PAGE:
by Heather Kerrison
Late May and early June represent an important time of the year for turtles in Ontario as it is the peak of nesting season. This means that they leave the safety of the wetlands, creeks, and rivers they call home in search of appropriate nesting sites. In Southern Ontario, no area of land is further than 1.5 km from a roadway which means that this can be a dangerous time for the turtles and the eggs they plan to lay. The biggest threats to the survival of Ontario turtles are roadways and habitat loss. Reptiles, including turtles, account for a large portion of the wildlife killed on Ontario roads annually. Turtles in particular often lay their eggs on the soft substrate found along roads, making it more likely for them to be struck while crossing. A positive of reduced traffic and physical distancing is that they may have a better chance of crossing safely this season.
Midland painted turtle hatchling (left), and snapping turtle hatchling (right).
Turtles are slow to reach sexual maturity and only have the chance to lay eggs once a year, with those eggs facing ample threat from predation from animals like raccoons and foxes. Losing just one mature adult can significantly impact a population. Ontario has 8 species of turtles; until 2018, the midland painted turtle was the only Ontario turtle species to not yet be listed as a species at risk. When the Committee of Endangered Wildlife in Canada (COSEWIC) designated the species as Special Concern, this made eight Ontario turtle species at risk. This means that all species are at risk if active conservation and protection measure are not put in place immediately.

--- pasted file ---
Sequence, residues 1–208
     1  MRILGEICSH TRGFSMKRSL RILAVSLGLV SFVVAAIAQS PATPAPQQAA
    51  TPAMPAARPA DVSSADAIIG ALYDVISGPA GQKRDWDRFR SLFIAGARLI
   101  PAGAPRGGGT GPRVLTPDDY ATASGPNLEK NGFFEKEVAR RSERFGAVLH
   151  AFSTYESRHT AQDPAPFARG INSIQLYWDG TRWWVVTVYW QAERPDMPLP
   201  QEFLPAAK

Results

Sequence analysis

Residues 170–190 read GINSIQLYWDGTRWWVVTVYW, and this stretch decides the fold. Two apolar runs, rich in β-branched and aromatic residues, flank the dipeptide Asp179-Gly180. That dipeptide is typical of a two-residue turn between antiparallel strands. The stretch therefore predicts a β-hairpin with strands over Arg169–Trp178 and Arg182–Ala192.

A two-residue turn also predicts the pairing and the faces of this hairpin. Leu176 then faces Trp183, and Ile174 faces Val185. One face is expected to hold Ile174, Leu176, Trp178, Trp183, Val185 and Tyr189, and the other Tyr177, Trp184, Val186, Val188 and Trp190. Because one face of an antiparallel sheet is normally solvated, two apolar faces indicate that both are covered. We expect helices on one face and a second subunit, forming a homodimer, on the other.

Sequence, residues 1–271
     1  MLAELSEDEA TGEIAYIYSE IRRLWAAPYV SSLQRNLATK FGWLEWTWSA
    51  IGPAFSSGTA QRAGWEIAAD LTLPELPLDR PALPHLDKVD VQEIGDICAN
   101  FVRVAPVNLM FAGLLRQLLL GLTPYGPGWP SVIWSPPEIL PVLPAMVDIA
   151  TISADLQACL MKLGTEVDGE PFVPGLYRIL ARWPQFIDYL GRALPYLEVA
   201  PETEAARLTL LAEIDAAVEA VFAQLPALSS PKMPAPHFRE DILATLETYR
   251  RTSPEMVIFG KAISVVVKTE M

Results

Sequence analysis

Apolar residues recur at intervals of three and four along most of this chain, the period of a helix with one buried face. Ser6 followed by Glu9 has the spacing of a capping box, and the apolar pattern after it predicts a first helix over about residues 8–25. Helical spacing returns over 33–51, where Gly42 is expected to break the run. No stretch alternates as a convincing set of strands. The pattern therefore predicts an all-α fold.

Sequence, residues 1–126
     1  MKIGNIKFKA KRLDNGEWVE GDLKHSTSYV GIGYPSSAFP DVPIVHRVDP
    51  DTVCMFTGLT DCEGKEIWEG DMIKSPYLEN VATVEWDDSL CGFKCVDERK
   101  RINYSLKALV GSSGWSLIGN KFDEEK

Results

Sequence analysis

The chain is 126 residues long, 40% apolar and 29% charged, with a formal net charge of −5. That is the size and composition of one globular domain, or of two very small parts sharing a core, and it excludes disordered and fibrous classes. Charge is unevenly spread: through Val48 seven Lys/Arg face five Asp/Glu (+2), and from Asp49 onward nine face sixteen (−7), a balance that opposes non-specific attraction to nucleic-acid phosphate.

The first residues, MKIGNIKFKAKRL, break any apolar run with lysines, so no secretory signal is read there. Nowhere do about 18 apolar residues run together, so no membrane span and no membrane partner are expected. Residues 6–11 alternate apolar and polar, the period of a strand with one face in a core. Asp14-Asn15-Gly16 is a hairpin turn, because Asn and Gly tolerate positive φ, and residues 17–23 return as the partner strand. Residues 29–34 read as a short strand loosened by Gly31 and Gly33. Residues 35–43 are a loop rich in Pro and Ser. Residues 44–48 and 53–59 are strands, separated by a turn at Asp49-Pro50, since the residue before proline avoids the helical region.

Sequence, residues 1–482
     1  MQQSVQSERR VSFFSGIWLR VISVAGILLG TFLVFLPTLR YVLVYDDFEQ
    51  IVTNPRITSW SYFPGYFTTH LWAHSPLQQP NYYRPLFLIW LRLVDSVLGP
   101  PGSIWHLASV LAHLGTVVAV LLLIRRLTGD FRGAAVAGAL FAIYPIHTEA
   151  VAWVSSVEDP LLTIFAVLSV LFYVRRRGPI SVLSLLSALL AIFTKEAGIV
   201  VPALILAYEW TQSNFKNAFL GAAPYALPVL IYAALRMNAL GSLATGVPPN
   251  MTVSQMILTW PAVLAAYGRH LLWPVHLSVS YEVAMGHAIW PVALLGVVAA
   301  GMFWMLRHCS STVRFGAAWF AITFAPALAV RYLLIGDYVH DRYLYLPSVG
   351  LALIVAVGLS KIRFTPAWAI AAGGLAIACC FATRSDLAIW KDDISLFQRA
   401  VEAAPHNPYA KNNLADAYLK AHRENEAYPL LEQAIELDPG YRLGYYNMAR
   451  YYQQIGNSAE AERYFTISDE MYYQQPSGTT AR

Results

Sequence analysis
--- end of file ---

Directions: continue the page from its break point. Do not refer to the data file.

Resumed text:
Concerned citizens and wildlife lovers alike can help make sure that Ontario's turtles safely lay their eggs and make it back to their respective homes. Simply driving with caution during this time of year and paying particular attention to wildlife crossing signs is important. Further, if you see a turtle on a roadway, you can help it cross. It is very important that you always help a turtle across in the direction that they are traveling. They know where they are heading and if you turn them around, they will simply attempt to cross the road the same way again.
Some Important Tips for Helping Turtles:
If you find an injured turtle that has already been struck, refer to this Ontario Turtle Conservation Centre page on how to get it to help. It is important to note that even if a female turtle has been struck and may not survive, the eggs she is carrying can be saved and incubated at a care facility. This ensures the young have a chance to hatch and grow the population of the species. Although the Ontario Turtle Conservation Centre is based in Peterborough, they have over thirty turtle response centres and hundreds of volunteers across Ontario who can organize a transfer to their hospital.
Turtles are a precious part of our ecosystems here in Ontario and we can all take steps to help protect them.
Blogs are written by ELB members who want to share their stories about Ontario's biodiversity.